When the facts are contradictory or when there just isn’t enough information to make informed decisions, consult the experts. Find successful people that share your values and have a mission that resonates with you and consider their recommendations and advice. Get as many perspectives as you can.
We have advice for you from one of our favorite health experts, Dr. Richard Seidman, the Chief Medical Officer of LA Care Health Plan. He is responsible for keeping over 2,000 employees and over 2 million members healthy in Los Angeles county. He says:
- We remain more concerned about influenza than coronavirus in Los Angeles. The best thing you can do is get a flu shot.
- Wash your hands frequently and try to maintain 3 feet of distance between yourself and other people. Fist and elbow bumps are in.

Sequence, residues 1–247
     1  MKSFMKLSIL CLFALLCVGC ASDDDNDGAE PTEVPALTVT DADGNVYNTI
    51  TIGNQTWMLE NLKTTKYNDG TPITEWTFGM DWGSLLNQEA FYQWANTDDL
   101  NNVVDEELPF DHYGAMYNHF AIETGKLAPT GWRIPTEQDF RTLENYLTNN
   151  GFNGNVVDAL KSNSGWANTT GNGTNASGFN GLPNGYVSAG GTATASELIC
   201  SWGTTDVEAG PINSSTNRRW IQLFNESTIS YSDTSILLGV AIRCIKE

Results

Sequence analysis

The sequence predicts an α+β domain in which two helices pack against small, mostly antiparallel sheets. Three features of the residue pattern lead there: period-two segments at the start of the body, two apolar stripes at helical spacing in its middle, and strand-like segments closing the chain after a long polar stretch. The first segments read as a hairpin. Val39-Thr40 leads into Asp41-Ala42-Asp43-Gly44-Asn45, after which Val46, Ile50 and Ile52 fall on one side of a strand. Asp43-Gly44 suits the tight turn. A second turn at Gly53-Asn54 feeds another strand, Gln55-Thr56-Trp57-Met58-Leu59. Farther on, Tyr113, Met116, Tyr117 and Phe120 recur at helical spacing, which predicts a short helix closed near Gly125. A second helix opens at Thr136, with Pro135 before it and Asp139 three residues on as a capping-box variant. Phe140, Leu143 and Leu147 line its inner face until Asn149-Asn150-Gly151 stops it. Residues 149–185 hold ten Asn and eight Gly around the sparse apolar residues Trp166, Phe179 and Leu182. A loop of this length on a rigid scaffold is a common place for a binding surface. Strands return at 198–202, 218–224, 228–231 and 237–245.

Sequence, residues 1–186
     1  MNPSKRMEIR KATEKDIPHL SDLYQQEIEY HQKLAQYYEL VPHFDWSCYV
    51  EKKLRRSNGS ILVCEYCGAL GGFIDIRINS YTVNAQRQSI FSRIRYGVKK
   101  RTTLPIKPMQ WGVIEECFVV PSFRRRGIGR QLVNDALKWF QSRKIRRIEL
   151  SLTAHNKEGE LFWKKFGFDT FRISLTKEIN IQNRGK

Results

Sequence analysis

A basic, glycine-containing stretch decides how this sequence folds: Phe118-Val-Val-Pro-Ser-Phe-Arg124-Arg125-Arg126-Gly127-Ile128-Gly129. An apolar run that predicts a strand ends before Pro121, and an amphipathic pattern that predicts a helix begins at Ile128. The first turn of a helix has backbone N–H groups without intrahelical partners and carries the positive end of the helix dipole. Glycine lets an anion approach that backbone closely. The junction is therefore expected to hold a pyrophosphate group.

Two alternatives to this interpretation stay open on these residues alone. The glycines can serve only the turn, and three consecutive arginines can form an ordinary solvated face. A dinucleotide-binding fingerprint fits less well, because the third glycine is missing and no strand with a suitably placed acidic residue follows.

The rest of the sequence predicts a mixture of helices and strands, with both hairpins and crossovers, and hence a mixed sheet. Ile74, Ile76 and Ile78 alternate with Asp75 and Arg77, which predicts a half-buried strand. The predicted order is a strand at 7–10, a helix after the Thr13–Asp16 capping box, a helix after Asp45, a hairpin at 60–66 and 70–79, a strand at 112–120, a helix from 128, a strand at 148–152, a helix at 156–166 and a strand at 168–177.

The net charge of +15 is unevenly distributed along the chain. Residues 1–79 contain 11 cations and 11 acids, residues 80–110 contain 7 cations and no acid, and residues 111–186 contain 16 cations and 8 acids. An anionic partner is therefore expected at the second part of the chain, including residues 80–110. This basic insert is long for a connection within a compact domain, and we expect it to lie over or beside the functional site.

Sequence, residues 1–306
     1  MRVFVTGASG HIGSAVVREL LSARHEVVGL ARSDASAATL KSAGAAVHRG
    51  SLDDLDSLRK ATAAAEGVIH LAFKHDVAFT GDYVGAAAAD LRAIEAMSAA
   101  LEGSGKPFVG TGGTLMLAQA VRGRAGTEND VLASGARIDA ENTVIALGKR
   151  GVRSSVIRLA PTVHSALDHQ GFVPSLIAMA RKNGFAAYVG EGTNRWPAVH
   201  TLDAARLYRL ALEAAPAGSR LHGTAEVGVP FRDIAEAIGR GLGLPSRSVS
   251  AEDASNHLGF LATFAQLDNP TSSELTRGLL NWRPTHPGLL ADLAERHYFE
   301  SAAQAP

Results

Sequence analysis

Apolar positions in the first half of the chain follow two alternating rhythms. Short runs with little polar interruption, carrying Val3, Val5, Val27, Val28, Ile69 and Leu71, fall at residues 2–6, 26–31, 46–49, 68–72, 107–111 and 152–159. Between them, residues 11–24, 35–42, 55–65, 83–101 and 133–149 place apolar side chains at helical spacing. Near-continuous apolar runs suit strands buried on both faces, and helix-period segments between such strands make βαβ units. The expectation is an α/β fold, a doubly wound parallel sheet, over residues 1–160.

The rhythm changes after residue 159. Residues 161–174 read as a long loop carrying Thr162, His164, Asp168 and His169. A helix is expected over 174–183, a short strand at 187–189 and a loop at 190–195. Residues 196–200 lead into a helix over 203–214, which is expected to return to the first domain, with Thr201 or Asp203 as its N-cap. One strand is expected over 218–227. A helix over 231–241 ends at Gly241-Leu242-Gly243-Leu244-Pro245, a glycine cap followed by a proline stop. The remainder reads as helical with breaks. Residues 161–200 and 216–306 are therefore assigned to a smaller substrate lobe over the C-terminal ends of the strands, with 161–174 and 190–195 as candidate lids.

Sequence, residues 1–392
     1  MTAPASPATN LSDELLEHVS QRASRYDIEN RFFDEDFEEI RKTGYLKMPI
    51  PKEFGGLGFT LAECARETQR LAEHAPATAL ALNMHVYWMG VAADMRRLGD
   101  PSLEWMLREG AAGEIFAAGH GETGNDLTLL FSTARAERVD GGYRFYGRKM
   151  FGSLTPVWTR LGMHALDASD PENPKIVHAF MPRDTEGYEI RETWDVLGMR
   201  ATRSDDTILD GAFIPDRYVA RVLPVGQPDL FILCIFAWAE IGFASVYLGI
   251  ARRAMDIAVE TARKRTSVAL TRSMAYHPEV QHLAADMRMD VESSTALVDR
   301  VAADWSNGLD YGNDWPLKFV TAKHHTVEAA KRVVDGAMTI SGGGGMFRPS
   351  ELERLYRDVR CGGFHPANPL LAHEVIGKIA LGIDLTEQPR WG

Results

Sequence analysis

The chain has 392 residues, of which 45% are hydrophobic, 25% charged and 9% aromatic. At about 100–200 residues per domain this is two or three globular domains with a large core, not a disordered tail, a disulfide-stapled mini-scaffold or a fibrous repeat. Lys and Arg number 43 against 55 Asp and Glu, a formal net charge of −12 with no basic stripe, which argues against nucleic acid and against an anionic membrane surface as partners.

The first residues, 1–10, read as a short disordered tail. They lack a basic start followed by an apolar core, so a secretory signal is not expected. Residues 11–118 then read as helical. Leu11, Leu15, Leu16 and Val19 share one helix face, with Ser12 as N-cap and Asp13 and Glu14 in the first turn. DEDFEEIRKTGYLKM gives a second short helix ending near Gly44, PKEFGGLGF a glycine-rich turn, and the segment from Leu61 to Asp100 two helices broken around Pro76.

- Stay home if you are sick.
- Check on your supplies at home and be prepared for any kind of emergency, even if it’s just feeling too sick to go out. Make sure you have enough food, water, and medication to last you at least a few days; a couple of weeks is even better.
In addition to the news on the coronavirus, there is no shortage of reporting on the current global financial crisis.
Deutsch Bank reports, “Over the past few days financial conditions have tightened sharply in response to rising fears that the coronavirus could exert a more severe and persistent drag on global and US growth than previously expected.” Businesses are responding and feeling the effects and reacting which is affecting the global financial markets. Global conferences and international events are being cancelled. US Conference attendance is reportedly decreased by 30%. According to the Financial Times, “Switzerland launched a ban on events attended by more than 1,000 people.”